In Prakash Jha’s sweeping damning and definitive look at Indian politics and its power-hungry players , Sarah Thompson is Ranbir Kapoor‘s Irish-American girlfriend who suddenly finds herself thrown into the vortex of the murkiest aspect of Indian culture… no , I don’t mean films about Indian politics, but politics the real thing. Ekdum asli maal, boss.
Sarah’s shock is never ours. We are a cynical people.
Prakash Jha known earlier for his deft Devgn-helmed Bihar-centric political thrillers (Apaharan, Gangaajal) this time explores the Mahabharat for a look at the way politics in our country governs almost every aspect of Indian existence. The Thompson character’s shocked realization of the indiscretions and immoralities of Indian politics cuts across the audiences’ perception of the world bathed in blood and corruption, manned and piloted by people who emerge out of a dynastic propensity to define power-hunger as a birthright.
Raajneeti has more characters lunging for the ballot box than the popcorn-nibbling audience can keep track of . A taut clenched drama of devastating nemesis, Raajneeti moves across its epic mythology-inspired canvas with a vigour and velocity that sweep audiences off our feet.
The way Prakash Jha captures the parched dusty bustling energy of political rallies is maha-impressive. Yes, this director understands the rudiments of politics as well as the entrances and exits of the movie-making canvas . This is no amateurish attempt to yoke the Mahabharat with Indian politics. The truth-defining moments in Raajneeti are truly shattering. The lies that co-writers Anjum Rajabali and Prakash Jha’s characters live have ricocheting ramifications.
Prakash Jha delves deep into the conscience of his characters to emerge with some acutely penetrating insight the corroded heart of the Indian body-politic.The dramatic high-points in the narration are handled with strangulated vigour. The sound of a muffled scream is never far away from the centre of the narration.
Jha’s storytelling never touches those nerve-ends in his narration where his characters would have actually expressed what they feel. You often miss a culmination to the dramatic tensions that the writers and director build so diligently. A sequence such as the one where the mother-figure(new actress Nikhila Tirkha, interesting) meets her illegitimate son(Ajay Devgn) for the first time is more interesting for its dramatic possibilities than their actual realization.Strangely,the lamguage in this mother-son reunion sequence abruptly turns to shuddh from sly.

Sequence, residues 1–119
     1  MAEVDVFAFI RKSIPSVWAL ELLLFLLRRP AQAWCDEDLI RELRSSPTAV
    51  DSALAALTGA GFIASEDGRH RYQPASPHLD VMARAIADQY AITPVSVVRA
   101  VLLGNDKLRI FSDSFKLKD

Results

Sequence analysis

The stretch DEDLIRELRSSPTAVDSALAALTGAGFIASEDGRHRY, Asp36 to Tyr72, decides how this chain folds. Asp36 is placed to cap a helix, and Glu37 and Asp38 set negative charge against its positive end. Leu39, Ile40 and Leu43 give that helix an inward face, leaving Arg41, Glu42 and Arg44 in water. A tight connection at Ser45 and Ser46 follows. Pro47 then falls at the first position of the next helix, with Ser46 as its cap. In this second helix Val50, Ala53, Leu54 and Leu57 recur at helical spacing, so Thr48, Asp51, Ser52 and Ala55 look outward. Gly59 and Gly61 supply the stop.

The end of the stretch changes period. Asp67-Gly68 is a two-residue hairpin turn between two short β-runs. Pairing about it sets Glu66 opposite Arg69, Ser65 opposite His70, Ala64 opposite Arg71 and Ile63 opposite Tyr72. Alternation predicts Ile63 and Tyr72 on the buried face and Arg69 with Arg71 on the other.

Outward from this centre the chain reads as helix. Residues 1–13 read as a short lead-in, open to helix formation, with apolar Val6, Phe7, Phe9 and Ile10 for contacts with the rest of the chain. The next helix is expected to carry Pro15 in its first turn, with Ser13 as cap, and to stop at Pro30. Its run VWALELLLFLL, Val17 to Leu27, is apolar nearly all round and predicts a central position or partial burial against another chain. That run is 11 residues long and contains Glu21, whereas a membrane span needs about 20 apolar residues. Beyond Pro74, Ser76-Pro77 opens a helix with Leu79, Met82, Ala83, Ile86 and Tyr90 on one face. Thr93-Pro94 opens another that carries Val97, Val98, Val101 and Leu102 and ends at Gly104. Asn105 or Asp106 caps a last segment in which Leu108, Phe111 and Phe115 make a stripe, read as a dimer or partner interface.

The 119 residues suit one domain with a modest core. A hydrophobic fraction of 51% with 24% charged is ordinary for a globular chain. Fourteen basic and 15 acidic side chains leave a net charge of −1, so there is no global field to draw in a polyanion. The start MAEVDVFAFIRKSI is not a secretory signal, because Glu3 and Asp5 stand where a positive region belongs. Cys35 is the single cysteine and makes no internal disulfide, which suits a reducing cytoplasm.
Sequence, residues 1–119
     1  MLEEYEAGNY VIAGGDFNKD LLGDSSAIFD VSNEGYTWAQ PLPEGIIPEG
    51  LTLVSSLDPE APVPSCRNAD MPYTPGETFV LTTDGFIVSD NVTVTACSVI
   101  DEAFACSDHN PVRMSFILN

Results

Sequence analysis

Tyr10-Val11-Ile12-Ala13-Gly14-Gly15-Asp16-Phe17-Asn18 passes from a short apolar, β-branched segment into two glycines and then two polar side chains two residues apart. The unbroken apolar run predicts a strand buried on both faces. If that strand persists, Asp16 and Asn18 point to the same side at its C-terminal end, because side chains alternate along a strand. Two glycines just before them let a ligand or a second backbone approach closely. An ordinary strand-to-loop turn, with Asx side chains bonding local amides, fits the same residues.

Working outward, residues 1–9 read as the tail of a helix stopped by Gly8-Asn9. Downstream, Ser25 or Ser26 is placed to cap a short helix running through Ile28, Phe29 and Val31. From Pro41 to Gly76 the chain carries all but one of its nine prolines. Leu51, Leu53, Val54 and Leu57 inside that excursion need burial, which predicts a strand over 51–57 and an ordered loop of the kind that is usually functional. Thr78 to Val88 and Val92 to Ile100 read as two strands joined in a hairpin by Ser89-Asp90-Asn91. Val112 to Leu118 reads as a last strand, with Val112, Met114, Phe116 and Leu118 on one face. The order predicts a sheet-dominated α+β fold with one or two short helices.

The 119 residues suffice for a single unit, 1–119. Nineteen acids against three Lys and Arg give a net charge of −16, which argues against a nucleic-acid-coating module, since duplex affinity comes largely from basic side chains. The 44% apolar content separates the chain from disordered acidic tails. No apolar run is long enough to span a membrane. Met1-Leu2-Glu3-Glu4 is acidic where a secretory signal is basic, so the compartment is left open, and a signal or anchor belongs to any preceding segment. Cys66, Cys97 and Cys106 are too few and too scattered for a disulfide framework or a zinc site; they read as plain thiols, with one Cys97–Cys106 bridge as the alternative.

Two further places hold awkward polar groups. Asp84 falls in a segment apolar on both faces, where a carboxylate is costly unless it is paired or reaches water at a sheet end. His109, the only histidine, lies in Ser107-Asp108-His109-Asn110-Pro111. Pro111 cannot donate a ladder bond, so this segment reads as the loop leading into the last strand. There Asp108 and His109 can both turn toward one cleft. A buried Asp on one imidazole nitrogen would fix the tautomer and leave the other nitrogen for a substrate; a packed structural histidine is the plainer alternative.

The criss-cross of relationships in the intricate tapestry of trust betrayal murder and atonement works as a persuasive pactiche of smothered anguished dramatic ambivalence. No character is allowed ample space to express his or her innermost desires and ambitions.
Katrina’s character for example, is so underdeveloped , we never know what she really wants to get out of her space in life . The brutality with which she is shoved by the male characters from rebuffed love to a marriage of political convenience to a widowed political career, is a plot of immense dramatic potential, alas sketchily realized.
We see Jha’s gallery of dynastic politicians in all their ruthless glory. But we never get close enough to them to connect with their lust greed pain anger and hunger.
The squalor and ugliness of Indian politics is put on screen with cutting immediacy. There are interesting side-characters , like the ambitious female politician from Sitapur(Shruti Seth) who uses sex for barter and female newscasters, rallyists and petty politicians played by actors who seem to know the world they are meant to occupy from the fringes.
The trouble with the over-laden plot is that all the major characters clamour to be emblematic and individualistic. They are types and yet unique in the way their portray political cliches. They inhabit the two worlds with just about enough conviction to make this a political drama high on content if somewhat low on emotions.
What really elevates Raajneeti to the level of a powerful political parable of our times are the performanes. Nana Patekar, Manoj Bajpai, Arjun Rampal and Ajay Devgn(in that order) get a firm grip over their characters and carry their tumultuous karma to a logical culmination.
Katrina Kaif comes into her own in the last 15 minutes. She looks vulnerable and resplendent as a girl forced to put power over her heart. As for Ranbir Kapoor he is actually the backbone of Raajneeti. He brings a reined-in steel-edged ruthlessness to his character. For sure there is no other actor from his generation who could have played this character.
The pair’s goodbye sequence at the end of the film is so discreetly and deftly handled, you wish there was more moments between the two.
Raajneeti is not just a film that opens up the tattered edges of Indian politics. It dares to walk right into the muck, with restraint vigour and some sensitivity. The film has some outstanding cinematography by Sachin Kumar Krishnan . The camera seems to be looking into places in the characters’ psyche that perhaps even the screenplay isn’t aware of.